Saturday, June 03, 2006

Avoiding the kick

American soldiers wouldn’t do that. They do it all the time. Sometimes soldiers just snap. Which is it?

Spot is talking, of course, about the events at Haditha and Ishaqi in Iraq. And maybe other places, too. The idea that American service people would kill non-combatants – children, even – in cold blood is almost too awful to contemplate. But Spot says it is entirely predictable.

It’s not predictable because Spot is an anti-war dog. It’s predictable because the very end of the Bell curve of possible human behaviors is odious and evil, not to mention panicked. Even those who believe mankind is essentially good – and Spotty is in this category; he gets a lot more pats on the head than kicks in the butt – know that people are capable of some pretty rotten stuff. For a dog, the object is to anticipate the kick and avoid it. For the military, it isn’t much different: anticipate the atrocity and studiously avoid situations where it might occur. How do you do that? Spot’s no expert, but he knows one thing for sure.

Secretary of Defense Donald Rumsfeld was the principal architect of a post-war Iraq occupation that was all but guaranteed to product Haditahs and Ishaqis. Spot is reading Cobra II now, a detailed history of the run-up to, and the invasion of Iraq. The authors, Michael Gordon and Bernard Trainor, explain how Rumsfeld and the civilian leadership at the Pentagon were committed to the transformation of the armed forces of the United States into a leaner, meaner, and more mobile force. Afghanistan, and especially Iraq, were to be the laboratories in this transformation.

Throughout the planning for the invasion of Iraq – which commenced almost immediately after 9/11 – Rumsfeld kept pushing the military planners to use fewer forces in the attack. When the military told Rumsfeld and the Congress that it would take perhaps 400,000 troops to occupy Iraq, he replied that goodness gracious, it couldn’t possibly take more troops to occupy the country than to conquer it! But the military brass had said exactly that, and they proved to be right.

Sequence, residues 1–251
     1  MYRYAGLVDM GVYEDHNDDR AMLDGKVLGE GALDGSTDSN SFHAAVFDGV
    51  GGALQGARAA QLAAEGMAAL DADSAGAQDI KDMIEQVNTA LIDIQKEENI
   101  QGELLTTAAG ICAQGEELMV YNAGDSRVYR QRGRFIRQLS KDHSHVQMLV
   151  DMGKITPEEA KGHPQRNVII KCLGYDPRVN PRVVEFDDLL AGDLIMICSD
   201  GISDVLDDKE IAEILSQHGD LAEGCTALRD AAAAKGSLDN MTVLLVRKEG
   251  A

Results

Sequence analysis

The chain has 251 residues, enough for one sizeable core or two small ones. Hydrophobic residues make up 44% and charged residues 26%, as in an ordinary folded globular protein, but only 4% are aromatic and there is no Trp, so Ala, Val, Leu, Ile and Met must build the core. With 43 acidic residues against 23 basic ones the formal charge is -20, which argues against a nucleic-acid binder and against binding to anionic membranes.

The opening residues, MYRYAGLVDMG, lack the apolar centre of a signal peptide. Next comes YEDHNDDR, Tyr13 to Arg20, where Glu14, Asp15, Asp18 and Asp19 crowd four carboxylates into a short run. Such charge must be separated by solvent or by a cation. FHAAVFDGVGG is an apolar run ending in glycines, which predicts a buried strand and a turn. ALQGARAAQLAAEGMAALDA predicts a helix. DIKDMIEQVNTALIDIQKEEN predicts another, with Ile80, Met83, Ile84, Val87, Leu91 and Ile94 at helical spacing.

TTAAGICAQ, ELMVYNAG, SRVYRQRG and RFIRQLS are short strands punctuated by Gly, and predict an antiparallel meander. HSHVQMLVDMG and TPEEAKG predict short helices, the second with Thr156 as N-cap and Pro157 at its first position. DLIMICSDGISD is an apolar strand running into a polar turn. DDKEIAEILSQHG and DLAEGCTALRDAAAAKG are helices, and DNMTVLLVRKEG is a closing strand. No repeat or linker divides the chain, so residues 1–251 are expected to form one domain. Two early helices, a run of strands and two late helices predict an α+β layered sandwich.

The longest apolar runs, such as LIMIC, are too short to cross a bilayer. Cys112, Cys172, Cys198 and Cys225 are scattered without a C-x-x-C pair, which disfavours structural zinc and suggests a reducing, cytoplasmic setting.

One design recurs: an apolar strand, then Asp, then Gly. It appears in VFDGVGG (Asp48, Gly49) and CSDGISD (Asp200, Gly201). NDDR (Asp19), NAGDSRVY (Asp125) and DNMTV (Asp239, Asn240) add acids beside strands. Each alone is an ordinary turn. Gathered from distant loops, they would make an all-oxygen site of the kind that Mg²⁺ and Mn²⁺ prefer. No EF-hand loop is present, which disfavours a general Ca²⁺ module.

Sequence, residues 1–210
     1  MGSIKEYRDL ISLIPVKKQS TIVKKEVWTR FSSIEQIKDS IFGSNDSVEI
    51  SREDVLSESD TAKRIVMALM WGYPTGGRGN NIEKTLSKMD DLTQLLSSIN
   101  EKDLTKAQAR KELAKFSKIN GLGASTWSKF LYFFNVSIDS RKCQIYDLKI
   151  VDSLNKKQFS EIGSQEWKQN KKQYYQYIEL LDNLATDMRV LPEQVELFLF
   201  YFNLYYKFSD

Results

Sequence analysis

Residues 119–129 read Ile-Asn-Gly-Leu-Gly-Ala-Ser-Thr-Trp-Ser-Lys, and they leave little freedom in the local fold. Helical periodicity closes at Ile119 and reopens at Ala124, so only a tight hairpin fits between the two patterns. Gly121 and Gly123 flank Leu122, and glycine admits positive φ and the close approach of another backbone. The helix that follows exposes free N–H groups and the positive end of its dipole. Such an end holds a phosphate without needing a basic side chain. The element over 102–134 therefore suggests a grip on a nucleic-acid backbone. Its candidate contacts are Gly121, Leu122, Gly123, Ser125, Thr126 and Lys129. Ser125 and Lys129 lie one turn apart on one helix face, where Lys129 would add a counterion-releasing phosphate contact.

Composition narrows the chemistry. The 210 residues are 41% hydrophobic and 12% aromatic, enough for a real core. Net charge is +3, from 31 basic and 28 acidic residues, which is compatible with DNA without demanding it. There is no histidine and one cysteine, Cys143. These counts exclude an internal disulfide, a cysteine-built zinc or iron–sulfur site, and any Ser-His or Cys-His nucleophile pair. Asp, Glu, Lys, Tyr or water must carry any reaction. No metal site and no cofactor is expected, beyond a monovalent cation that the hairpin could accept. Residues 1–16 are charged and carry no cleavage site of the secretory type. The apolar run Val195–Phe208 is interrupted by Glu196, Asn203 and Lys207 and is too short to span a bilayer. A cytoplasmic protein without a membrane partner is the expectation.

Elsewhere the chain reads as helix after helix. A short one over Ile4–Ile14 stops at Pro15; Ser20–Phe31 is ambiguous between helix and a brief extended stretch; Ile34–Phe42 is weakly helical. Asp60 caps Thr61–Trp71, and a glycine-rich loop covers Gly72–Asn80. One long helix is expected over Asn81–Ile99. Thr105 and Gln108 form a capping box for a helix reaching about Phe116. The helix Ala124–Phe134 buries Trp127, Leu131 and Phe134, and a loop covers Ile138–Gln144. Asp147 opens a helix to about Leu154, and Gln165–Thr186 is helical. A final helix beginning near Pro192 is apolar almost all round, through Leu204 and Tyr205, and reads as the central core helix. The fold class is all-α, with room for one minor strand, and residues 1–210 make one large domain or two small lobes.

Rumsfeld also micro-managed the deployment of the troops, delaying the deployment of the Reserves that had the units that were so necessary for things like logistics and civilian affairs. The chaos after the collapse of the Baathist regime was entirely predictable, and in fact was predicted by a lot of the career types, but Rumsfeld didn’t listen to them.

Gordon and Trainor suggest that Abu Ghraib prisoner abuse was a consequence, at least in part, of the fact that the civilian affairs people (e.g., the military police) were not deployed in sufficient numbers in Iraq to run places like Abu Ghraib prison in a professional way. There are a lot of experienced police officers in the Reserves. Do you suppose having more of them around places like Abu Ghraib would have made a difference? Spot thinks so.

And being spread too thin as occupiers, and not being fully in control of the population, leads to panicked reactions. It’s human nature. Having inadequate supervision of troops makes more opportunities for that end-of-the-Bell-curve behavior to come out.

According to the BBC, troops are now going to get some ethical training in “core warrior values,” but it’s too late. We’ve poisoned the Iraqis – including their Prime Minister – beyond redemption. Spotty says this is not so much a reflection on the US armed services as it is their civilian boss.


Update: Perhaps the most important lesson is that since atrocities are inevitable, one should not start a war unless absolutely necessary.

Second update: Fixed the spelling of Haditha, per scolding from Dave.

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